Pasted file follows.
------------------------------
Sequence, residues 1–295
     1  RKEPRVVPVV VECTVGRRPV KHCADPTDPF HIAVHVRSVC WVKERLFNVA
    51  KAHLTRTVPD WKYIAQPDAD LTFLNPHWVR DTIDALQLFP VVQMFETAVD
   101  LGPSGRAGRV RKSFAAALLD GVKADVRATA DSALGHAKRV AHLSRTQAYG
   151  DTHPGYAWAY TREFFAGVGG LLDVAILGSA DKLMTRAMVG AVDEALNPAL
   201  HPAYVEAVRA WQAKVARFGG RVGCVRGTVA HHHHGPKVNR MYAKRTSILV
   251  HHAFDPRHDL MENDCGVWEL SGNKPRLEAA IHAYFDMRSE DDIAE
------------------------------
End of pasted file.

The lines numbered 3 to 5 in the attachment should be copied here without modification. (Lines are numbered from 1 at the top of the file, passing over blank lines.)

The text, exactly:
    51  KAHLTRTVPD WKYIAQPDAD LTFLNPHWVR DTIDALQLFP VVQMFETAVD
   101  LGPSGRAGRV RKSFAAALLD GVKADVRATA DSALGHAKRV AHLSRTQAYG
   151  DTHPGYAWAY TREFFAGVGG LLDVAILGSA DKLMTRAMVG AVDEALNPAL